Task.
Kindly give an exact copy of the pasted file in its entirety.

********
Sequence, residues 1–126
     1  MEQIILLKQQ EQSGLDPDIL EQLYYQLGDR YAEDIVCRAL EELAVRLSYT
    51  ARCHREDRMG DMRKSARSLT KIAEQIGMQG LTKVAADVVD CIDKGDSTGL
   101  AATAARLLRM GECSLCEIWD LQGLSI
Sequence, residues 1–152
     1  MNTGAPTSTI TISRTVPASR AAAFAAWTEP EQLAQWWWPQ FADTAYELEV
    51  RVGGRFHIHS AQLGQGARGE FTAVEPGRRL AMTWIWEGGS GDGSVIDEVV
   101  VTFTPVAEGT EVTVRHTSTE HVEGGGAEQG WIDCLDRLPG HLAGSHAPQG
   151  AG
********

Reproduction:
Sequence, residues 1–126
     1  MEQIILLKQQ EQSGLDPDIL EQLYYQLGDR YAEDIVCRAL EELAVRLSYT
    51  ARCHREDRMG DMRKSARSLT KIAEQIGMQG LTKVAADVVD CIDKGDSTGL
   101  AATAARLLRM GECSLCEIWD LQGLSI
Sequence, residues 1–152
     1  MNTGAPTSTI TISRTVPASR AAAFAAWTEP EQLAQWWWPQ FADTAYELEV
    51  RVGGRFHIHS AQLGQGARGE FTAVEPGRRL AMTWIWEGGS GDGSVIDEVV
   101  VTFTPVAEGT EVTVRHTSTE HVEGGGAEQG WIDCLDRLPG HLAGSHAPQG
   151  AG